How To Prevent Your Pets From Fighting – Many of us don’t like to suddenly bring in an extra relative or friend. So it’s no surprise that pets sometimes feel the same way. Indeed, even a president’s pets are not insusceptible to such relational pressures. Cohabitation issues were highlighted nationwide when bad blood broke between Socks, the cat – an eight-year Clinton White House veteran – and Buddy, a chocolaty Labrador who arrived at the scene in 1997.
The socks hissed and bared his teeth whenever Buddy was there. Buddy responded by barking and pulling on his leash to reach the cat. The feud was bad enough that the Clintons separated the pets as they left the White House, taking Buddy with them to Chappaqua, New York, and placing socks on with Clinton’s secretary, Betty Currie.
But such bitter rivalries are not inevitable, say animal behavior experts. There are a lot of things pet owners can do to make it easier for a newcomer to enter and prevent war from being declared on the living room floor. And there are ways to end the rivalry if it’s already underway.
Tips for ending Feuding
Here are some tips from trainers and animal behavior experts, including the site’s consulting veterinarian, Dr. Nicholas Dodman, a nationally recognized animal behavior specialist and head of the Behavior Clinic at Tufts University School of Veterinary Medicine.
It is best to introduce yourself to each other when both are very young. If you plan on having two pets in the household – especially if they’re a cat and a dog – it’s best to introduce them during the so-called sensitive developmental period, says Dodman. Between the first 2-7 weeks for cats and between 3-12 weeks for dogs, “you can introduce wonderful lifelong perceptions of one species towards another species,” he said. The older they are, the more difficult it is to teach peaceful coexistence.
Choose the newcomer carefully. On the off chance that you can choose the type of canine that joins the family last, ensure that it doesn’t have an acquired quality that will consequently conflict with your feline or any smaller animal. Many dogs, like Clinton’s Buddy, a chocolate Labrador, are bred to hunt and catch small animals on the hunt – which is not a good trait for living with your cat.
According to New York City dog trainer Steven Diller, “Even if you have a cat that’s cool with dogs, bring a little dog in there that isn’t overly active and start acclimating them right away. “
“If you pick up the new animal from a shelter, take the pet with you, introduce it and see if it gets along,” says Karyn Garvin, an animal behaviorist in Tucson.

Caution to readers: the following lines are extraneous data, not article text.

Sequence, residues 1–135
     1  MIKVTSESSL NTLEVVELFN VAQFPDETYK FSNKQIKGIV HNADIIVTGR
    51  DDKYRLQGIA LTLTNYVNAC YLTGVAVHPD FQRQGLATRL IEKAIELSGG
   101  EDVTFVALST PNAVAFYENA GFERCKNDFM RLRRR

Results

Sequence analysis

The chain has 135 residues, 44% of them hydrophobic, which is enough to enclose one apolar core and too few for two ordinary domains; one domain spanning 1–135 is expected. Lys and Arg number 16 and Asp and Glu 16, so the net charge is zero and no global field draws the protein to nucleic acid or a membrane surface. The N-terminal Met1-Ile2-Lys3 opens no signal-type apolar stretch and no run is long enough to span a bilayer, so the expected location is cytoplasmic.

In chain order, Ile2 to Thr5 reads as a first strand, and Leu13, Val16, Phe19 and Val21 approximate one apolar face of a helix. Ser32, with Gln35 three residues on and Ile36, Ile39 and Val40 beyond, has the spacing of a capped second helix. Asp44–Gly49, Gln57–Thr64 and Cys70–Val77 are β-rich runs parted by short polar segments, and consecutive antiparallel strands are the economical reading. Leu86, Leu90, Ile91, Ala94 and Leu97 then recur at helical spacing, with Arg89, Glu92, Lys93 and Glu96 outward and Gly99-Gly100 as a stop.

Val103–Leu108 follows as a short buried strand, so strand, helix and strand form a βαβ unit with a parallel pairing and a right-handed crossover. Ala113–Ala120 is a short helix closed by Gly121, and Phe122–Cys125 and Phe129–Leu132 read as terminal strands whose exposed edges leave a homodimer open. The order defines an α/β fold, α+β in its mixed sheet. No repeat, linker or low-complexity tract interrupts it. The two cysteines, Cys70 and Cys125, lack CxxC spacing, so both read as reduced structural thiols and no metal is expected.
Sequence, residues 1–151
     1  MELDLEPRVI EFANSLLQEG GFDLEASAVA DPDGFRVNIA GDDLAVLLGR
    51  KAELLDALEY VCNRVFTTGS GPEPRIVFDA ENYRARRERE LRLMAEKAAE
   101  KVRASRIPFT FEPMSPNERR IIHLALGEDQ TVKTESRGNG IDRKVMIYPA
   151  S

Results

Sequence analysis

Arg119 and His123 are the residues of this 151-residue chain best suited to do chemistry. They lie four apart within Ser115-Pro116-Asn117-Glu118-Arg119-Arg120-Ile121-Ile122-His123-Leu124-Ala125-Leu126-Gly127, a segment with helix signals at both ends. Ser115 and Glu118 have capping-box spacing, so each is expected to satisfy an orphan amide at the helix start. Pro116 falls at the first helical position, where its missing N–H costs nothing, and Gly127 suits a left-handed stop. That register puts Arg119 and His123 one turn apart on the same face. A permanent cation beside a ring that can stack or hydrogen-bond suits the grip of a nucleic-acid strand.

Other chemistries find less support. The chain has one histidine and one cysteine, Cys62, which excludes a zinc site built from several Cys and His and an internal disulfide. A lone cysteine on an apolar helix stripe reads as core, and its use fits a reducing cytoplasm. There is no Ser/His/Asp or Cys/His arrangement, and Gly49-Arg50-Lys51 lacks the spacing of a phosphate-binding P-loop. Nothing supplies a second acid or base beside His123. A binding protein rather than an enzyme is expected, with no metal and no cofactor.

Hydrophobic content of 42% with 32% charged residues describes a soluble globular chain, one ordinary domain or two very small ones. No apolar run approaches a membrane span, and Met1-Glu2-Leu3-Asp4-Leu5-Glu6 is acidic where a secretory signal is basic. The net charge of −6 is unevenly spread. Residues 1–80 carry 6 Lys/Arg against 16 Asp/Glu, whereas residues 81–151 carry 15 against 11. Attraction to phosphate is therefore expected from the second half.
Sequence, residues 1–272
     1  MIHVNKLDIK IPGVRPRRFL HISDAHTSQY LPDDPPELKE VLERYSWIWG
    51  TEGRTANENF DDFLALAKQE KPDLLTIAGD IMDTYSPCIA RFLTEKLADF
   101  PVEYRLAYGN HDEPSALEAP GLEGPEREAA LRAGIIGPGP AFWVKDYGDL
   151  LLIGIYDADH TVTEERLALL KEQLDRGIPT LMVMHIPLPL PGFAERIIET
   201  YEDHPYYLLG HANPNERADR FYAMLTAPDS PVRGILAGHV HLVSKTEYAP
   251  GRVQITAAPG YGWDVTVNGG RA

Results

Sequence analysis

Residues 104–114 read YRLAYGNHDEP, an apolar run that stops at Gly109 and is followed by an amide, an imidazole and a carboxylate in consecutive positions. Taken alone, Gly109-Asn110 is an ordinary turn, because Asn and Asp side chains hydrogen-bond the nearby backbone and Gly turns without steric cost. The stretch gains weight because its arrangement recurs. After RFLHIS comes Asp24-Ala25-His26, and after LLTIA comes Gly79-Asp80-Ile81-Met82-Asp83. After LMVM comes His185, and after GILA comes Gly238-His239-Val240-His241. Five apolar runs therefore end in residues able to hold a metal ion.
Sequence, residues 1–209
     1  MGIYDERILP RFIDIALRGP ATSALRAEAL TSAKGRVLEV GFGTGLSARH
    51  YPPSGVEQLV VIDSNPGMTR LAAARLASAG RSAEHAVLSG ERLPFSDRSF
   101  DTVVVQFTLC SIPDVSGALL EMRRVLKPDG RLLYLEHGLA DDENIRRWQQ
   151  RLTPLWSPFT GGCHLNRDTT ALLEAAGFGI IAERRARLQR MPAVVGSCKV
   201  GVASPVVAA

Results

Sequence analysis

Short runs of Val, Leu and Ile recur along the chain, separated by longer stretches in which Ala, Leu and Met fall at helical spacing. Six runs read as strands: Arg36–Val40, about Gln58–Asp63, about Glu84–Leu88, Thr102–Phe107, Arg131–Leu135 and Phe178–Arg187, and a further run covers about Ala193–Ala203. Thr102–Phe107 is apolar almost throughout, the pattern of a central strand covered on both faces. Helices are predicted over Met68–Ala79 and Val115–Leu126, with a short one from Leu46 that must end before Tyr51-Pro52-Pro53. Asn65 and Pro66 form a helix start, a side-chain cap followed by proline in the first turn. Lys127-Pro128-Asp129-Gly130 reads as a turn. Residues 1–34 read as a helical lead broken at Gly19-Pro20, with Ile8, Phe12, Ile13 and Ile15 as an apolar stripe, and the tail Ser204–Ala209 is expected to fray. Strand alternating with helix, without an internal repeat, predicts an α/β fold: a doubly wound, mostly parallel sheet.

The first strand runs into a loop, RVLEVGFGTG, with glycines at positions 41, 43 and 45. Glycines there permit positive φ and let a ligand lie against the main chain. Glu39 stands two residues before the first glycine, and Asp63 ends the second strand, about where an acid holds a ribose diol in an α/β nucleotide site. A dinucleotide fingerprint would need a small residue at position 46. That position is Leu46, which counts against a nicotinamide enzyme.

Go slowly when you introduce the two animals. They will need time to trust each other. If, for example, you bring a dog to a house that has housed a cat, you can try placing the new dog in a crate and letting the resident cat inspect and sniff it in due time. When the cat is safe, you can move the crate closer to the cat. If all goes well, try placing the cat’s food in front of the dog’s crate so that he learns that she needs to approach the dog to feed and be able to do so safely.
Look for windows of opportunity,” advises Dodman. Use a halter and obedience controls to teach your dog to lie down and relax before introducing the cat from a distance, with a harness, or in a baby carrier. It might be helpful to attempt the intro in a room they are unfamiliar with “some distance away that they remain calm and seemingly comfortable,” he says. Then reward them for their good behavior.
Again, this is done smoothly, and everything is happening in small steps,” he said, adding that both animals need proper exercise and structure in their lives, a routine of activities that do not revolve around the other animal.
What if nothing seems to be working and they are still fighting like cats and dogs? Garvin says that even though the two animals refuse to mesh perfectly, they can learn to coexist.
It may be that the way for us to live harmoniously is for the cat to have that area of the house, and the dog to be in the other room,” she says. In one dramatic case, when she was called in to settle such a dispute, she had to correct the dog’s behavior with an electronic training collar that delivered a light charge when the animal jumped on the other animal.
Dodman says that the last resort might be to try medication if your vet agrees. There are non-addictive prescriptions that do not interfere with intelligence or learning that can help an animal relearn its behavior towards another without becoming anxious and defensive.
If one of the animals has to leave
But Dodman and Garvin agree that sometimes the only solution is to find a new home for one of the fighters by placing them with another family you trust and who will provide loving care. In that case:
Make the transition gradual. If a relative or family friend is bringing the animal, “ask them to come to spend some time with the animal – or, if it’s a dog, ask them. to take him home for a few hours, ”Dodman said. “Patience is the name of the game.”
Have the potential new owner visit your home and spend time with your pet. “Introduce them and make sure they get along – maybe take day trips,” says Diller.
Let go completely. This may be the most difficult part, but experts advise that after the movement is completed, give the animal time to bond with a new master. According to Diller, “Once he moves to the new environment, I wouldn’t even offer tours, as it just creates confusion